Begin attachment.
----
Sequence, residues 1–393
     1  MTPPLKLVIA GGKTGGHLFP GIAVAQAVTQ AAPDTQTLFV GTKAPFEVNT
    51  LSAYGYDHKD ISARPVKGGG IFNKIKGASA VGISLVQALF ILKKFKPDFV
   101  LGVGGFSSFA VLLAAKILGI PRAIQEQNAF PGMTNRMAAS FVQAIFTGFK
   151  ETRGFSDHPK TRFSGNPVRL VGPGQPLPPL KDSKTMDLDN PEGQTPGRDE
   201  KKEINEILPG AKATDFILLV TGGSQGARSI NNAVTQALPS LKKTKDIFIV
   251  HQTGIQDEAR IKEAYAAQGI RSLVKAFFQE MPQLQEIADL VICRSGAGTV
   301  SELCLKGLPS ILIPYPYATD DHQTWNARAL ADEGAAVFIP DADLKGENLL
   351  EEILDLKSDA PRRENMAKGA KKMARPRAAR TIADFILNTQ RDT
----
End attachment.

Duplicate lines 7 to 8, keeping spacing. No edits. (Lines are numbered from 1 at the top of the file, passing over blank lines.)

   251  HQTGIQDEAR IKEAYAAQGI RSLVKAFFQE MPQLQEIADL VICRSGAGTV
   301  SELCLKGLPS ILIPYPYATD DHQTWNARAL ADEGAAVFIP DADLKGENLL